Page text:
Karen Andrews: Well, this is particularly looking at personal protective equipment, not wind turbines, because there’s been a lot of work done and the space sector has been one that we’ve been working on now for a couple of years. And quite frankly, there’s already over 10,000 jobs in the space sector and that’s well on the way to tripling by 2030. But for personal protective equipment, I think all the states would admit that a lot of work needs to be done to lock in those supply chains. The one manufacturer of surgical masks was based in Shepparton. There was no other facility anywhere else in Australia, so state and territory governments were purchasing their supplies from overseas themselves. So, it’s not just a wake-up call for the Federal Government, it’s a wake-up call for every government to look at making sure that we lock in some Australian supply.
Matt Tribe: We’ll be joined in a few moments by the CEO of Med-Con in Shepparton, Australian owned and operated manufacturer of those medical supplies. But are you aware of China price-gouging raw materials in the last few weeks that go into the creation of these PPE?
Karen Andrews: There has been enormous increases in supplies of raw materials. So, we are very much aware of that. We have been working alongside the states and territories to secure the best prices that we can for input materials. We’ve looked at what we can produce in Australia ourselves, and in fact we’ve got CSIRO working on some of the filter materials that are likely to be used by Med-Con in the manufacture of their masks. So yes, there are huge increases in raw materials, and huge increases in freight. Freight is very difficult to be able to lock in. There’s limited flights. But, yes, there’s significant price increases.
Matt Tribe: Would you like to see our supply chains become more nationalist in structure?
Karen Andrews: What I would like to see is us in a much better place to be able to manufacture the things that we need in a crisis. So, we know that PPE is one of those things. So, it’s not just surgical masks, it’s also gowns and gloves, and that’s where we’re working now. Another manufacturer has come into the market for masks. That’s great. There’s lots of interest in developing ventilators, and in fact we now have multiple manufacturers of invasive ventilators coming onto the market here in Australia now.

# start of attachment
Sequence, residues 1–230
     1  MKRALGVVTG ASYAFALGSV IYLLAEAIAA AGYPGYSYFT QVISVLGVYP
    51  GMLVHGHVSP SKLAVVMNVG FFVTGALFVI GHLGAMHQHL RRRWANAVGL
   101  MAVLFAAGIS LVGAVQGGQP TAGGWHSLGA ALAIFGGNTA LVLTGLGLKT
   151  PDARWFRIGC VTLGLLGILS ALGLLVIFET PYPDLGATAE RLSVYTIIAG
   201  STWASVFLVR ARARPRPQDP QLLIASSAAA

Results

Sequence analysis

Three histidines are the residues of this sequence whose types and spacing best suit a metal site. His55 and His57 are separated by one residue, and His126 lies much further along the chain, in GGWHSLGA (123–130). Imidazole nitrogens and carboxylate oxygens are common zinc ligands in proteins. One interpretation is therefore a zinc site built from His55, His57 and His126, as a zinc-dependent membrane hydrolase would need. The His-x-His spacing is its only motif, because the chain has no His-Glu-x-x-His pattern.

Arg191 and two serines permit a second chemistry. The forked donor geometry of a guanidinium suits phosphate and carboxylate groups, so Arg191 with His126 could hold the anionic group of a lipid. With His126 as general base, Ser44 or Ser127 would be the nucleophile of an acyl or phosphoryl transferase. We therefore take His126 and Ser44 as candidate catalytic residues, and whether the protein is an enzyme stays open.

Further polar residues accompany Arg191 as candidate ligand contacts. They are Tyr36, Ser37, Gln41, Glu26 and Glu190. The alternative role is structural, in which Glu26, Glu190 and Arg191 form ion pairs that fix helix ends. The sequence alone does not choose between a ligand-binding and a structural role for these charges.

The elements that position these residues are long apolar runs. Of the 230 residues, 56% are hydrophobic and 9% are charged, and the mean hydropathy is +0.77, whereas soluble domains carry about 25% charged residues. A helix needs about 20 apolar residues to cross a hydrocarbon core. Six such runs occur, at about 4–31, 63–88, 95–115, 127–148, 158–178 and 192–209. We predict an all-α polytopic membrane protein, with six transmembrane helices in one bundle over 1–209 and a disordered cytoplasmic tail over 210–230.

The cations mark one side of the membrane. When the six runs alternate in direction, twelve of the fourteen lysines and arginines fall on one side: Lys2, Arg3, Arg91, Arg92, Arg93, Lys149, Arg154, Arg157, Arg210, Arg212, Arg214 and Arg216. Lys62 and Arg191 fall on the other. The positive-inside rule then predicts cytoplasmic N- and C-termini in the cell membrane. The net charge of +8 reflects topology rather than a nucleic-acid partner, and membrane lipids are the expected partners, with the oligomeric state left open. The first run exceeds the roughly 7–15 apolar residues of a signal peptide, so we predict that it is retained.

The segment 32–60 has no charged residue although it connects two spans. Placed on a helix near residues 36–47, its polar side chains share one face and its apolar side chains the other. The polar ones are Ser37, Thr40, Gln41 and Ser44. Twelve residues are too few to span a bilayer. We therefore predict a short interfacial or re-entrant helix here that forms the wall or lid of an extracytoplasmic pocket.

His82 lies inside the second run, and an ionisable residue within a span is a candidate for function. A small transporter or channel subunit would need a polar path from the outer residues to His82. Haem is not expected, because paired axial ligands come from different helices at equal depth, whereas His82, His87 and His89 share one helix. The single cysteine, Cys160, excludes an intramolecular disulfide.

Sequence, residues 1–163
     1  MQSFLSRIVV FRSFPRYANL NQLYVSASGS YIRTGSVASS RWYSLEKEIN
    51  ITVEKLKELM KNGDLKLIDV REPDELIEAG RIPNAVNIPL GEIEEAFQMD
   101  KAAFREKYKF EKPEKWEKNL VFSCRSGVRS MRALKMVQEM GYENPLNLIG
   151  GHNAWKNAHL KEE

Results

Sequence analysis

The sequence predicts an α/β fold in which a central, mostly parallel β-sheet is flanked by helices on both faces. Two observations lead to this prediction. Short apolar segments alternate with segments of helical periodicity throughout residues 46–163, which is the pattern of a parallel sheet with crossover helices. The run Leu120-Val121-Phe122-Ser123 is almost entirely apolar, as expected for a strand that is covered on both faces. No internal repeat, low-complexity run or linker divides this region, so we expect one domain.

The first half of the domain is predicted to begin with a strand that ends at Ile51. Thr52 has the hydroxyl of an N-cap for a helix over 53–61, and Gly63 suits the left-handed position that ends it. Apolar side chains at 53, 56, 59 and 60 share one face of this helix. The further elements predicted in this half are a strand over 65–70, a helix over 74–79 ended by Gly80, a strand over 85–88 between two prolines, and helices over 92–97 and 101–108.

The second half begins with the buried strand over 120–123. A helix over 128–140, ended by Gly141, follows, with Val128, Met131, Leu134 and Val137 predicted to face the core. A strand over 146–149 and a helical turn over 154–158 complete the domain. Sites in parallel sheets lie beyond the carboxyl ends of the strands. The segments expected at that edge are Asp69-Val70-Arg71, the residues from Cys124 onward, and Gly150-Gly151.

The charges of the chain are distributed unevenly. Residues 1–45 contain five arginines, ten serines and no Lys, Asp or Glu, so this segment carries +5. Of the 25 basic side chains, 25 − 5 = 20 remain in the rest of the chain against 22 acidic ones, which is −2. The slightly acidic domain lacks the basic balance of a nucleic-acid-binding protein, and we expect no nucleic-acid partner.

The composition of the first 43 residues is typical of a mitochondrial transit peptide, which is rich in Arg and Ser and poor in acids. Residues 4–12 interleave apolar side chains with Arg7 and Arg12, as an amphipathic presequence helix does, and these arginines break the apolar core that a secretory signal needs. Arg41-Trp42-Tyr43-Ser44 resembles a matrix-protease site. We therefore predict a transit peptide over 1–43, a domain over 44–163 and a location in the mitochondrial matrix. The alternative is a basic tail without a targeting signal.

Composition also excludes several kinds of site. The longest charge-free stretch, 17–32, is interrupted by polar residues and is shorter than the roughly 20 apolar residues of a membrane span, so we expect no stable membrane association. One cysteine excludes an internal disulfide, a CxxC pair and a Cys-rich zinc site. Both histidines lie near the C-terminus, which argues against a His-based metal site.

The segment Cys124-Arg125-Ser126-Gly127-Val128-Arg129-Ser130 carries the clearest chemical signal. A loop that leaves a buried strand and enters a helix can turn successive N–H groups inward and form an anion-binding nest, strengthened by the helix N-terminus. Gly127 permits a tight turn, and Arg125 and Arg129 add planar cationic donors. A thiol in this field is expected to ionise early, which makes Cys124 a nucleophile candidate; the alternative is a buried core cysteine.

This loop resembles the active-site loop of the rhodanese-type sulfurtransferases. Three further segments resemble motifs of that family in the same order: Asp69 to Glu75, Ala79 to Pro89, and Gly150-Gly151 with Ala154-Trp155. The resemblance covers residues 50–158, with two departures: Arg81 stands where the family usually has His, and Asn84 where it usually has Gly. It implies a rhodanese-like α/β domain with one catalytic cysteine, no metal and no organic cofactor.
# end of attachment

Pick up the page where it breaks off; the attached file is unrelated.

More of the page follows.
So, we’ve actually done really well and I think that the point that we need to remember is that from almost just standing start in some cases, we’ve actually done a very good job in ramping up our manufacturing capability, but we can’t be complacent now. We have to make sure we lock that in.
Matt Tribe: As Federal Minister for Industry, Science and Technology, Karen Andrews, today you’ve been outspoken regarding the CSIRO and when they may be coronavirus vaccine ready. What’s your understanding of the timeline on that?
Karen Andrews: Okay, I believe that we will have a vaccine ready in the next 10 to 15 months. I work very closely with CSIRO. They’re one of my agencies, they’re currently testing two vaccines at the moment now. One is from the UK, the other is from the United States. There’s other work happening at other research institutions across Australia. We believe that there will be a positive breakthrough, but there’s about 100 vaccines that are being trialled right across the world. What we need to do is make sure that we are engaged globally, and that when a vaccine is proven – and hopefully that will be an Australian one – that we are in a position to then start manufacturing that vaccine here. So, that’s the next stage of my work, and that’s already begun to ramp up our capacity to produce the vaccine here in Australia.
Matt Tribe: As exciting as that is, it is tempered by our uncertainty about what life is going to look like between then and now. Ten to 15 months is a long time, especially when a year ago we had no idea what coronavirus even was. Do you know what life is going to look like then in the next year, the next 10 to 15 months then, if that’s how long we know it will take the CSIRO to develop a vaccine?
Karen Andrews: Well, it’s clearly going to be very different to what it was six months ago. So, restrictions are easing on a state by state basis, but we are a long way from having all restrictions eased at the moment. And as I’ve said many times, this needs to be baby steps, because if we ease the restrictions too quickly, we face the risk that there will be a second wave. And in our case, given the level of success that we’ve had so far in flattening the curve and keeping the number of COVID positive tests – people who’ve tested positive down – it’s likely that a second wave may well be worse. We don’t want that to happen, and that’s why it’s so important that whilst restrictions are being eased, people do keep socially distancing, they do keep washing their hands, and they don’t flout the rules.
Matt Tribe: Minister, thanks for your time.
Karen Andrews: It’s a pleasure. Take care.
Matt Tribe: That is Karen Andrews, Minister for Industry, Science and Technology.